Aerospace Engineering at Illinois Prof. John Lambros
and his PhD student, Owen Kingstedt
, have managed a scientific first in producing real-time, high-speed imaging of a laser strike onto a thin aluminum film.
The accomplishment, potentially helpful in designing microelectronics materials by visualizing thin film debonding as it happens, has won for Lambros and Kingstedt the 2017 Society of Experimental Mechanics M. Hetényi Award. The scientists’ research paper, entitled “Ultra-high Speed Imaging of Laser-Induced Spallation,” was chosen as the best research paper published in 2015 in SEM’s flagship journal, Experimental Mechanics.
Lambros and Kingstedt, now an assistant professor at the University of Utah, were able to precisely configure their experiment to capture images of the damage to a thin aluminum film while laser loading was in progress over a time frame of 35 nanoseconds.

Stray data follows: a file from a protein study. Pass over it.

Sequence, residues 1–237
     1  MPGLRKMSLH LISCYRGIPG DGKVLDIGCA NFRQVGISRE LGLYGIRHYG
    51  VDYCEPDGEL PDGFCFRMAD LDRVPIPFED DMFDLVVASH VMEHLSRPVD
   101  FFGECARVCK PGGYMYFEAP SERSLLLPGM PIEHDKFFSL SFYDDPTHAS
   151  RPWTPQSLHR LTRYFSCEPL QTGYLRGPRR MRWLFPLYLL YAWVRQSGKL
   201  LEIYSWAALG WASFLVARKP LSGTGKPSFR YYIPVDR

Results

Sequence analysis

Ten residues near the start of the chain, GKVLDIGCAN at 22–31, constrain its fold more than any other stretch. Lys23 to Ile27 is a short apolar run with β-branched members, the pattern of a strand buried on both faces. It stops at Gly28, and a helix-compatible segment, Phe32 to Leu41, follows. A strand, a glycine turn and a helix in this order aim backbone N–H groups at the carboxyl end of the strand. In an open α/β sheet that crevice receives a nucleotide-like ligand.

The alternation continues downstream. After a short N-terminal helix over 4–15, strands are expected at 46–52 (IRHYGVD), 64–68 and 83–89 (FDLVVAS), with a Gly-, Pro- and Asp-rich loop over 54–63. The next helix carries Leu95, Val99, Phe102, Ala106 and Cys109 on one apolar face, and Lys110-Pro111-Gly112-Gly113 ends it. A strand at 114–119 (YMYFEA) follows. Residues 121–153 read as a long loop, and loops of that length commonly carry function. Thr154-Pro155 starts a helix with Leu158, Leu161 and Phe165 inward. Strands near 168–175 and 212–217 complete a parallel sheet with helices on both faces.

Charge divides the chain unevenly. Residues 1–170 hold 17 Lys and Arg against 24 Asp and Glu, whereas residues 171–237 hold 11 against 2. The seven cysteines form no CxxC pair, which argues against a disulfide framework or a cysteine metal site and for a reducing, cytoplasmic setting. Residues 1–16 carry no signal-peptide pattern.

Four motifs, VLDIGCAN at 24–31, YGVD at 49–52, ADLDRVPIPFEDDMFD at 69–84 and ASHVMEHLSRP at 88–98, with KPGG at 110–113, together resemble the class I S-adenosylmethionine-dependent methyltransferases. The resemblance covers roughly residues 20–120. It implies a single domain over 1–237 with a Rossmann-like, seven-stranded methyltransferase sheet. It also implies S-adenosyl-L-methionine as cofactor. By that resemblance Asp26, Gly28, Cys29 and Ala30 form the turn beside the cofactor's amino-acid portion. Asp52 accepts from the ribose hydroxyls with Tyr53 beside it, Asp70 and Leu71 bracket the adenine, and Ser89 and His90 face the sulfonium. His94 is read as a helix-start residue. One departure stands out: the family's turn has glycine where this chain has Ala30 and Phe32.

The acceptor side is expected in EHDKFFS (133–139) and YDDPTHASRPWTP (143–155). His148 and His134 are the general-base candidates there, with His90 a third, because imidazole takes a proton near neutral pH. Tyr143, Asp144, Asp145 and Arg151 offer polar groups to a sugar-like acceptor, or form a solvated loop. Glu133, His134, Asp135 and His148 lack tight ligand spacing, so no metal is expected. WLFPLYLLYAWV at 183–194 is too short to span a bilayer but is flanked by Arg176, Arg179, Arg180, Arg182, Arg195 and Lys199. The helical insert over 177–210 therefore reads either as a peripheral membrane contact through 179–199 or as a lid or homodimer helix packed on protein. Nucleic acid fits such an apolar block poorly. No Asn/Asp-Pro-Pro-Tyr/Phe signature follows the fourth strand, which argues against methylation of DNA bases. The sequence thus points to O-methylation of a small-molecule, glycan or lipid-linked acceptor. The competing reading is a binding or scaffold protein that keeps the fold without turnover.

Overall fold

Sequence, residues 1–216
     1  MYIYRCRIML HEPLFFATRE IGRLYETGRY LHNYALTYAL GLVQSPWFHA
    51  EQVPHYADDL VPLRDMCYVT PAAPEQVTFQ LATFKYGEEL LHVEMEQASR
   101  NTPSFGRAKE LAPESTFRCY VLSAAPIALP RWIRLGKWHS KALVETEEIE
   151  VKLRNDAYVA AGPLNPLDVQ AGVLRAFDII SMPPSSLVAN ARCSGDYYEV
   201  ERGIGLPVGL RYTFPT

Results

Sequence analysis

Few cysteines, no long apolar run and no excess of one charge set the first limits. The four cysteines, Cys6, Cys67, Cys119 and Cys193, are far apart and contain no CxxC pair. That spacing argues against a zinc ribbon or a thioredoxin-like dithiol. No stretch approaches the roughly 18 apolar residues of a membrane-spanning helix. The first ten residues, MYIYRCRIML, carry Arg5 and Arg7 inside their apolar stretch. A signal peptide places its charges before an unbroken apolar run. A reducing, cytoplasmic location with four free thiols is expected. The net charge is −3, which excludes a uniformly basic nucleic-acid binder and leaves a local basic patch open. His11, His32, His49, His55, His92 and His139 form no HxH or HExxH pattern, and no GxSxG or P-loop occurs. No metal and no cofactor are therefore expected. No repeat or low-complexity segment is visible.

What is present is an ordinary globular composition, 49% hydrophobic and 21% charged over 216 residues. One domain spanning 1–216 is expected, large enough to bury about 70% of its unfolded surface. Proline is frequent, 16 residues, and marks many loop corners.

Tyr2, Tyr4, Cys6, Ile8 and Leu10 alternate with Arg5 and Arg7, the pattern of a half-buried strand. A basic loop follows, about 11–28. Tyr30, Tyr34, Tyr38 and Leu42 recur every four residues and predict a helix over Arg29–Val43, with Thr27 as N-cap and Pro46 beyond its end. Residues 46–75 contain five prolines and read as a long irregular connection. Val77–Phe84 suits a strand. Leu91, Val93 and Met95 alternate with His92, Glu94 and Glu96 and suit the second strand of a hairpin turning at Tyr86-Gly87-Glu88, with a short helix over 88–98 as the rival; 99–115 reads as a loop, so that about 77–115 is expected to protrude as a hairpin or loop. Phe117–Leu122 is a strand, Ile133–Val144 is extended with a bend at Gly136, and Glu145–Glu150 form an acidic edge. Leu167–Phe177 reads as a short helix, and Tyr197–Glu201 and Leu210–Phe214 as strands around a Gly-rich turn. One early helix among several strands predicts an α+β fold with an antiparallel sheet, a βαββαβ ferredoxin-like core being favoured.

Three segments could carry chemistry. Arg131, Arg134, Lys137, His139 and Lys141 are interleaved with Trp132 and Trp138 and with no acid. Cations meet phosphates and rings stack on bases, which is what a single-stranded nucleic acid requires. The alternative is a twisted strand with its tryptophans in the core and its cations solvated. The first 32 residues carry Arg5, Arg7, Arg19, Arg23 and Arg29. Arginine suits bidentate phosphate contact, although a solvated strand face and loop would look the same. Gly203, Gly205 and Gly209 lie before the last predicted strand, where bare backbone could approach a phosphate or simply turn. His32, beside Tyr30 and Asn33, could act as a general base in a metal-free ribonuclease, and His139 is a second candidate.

“In the past we had looked at the damage caused to the thin aluminum film after the laser strike, but in this work we wanted to look at it in real time with very high time resolution,” Lambros said. “(The experiment) took photos of the failure event every 5 nanoseconds, or at 200 million frames per second. In this experiment there is a lot of information about what is happening as it happens.
Captured images of the spallation event
“What makes this difficult is synchronizing everything. We had 35 billionths of a second to catch the event as it was happening,” he continued. “The main purpose for this experiment is to look at the strength and failure of microelectronics films – how strong they are and when do they fail.”
This is Lambros’ second Hetényi award from SEM; he and AE Prof. Ioannis Chasiotis and their students won in 2012 for investigating the strain rate dependence of nanocrystalline Pt films.
An AE faculty member since 2000, Lambros has simultaneously garnered SEM’s 2017 P.S. Theocaris Award, which recognizes a senior individual for distinguished, innovative and outstanding work in optical methods and experimental mechanics.
Lambros noted that his PhD advisor, A.J. Rosakis, professor at the California Institute of Technology, had been a previous recipient of the Theocaris Award, one of the society’s highest honors. The recognition is made only of an existing SEM Fellow, and only once every two years.
Lambros has been an SEM Fellow since 2013, and is also a Fellow of the American Society of Mechanical Engineers and of the American Academy of Mechanics.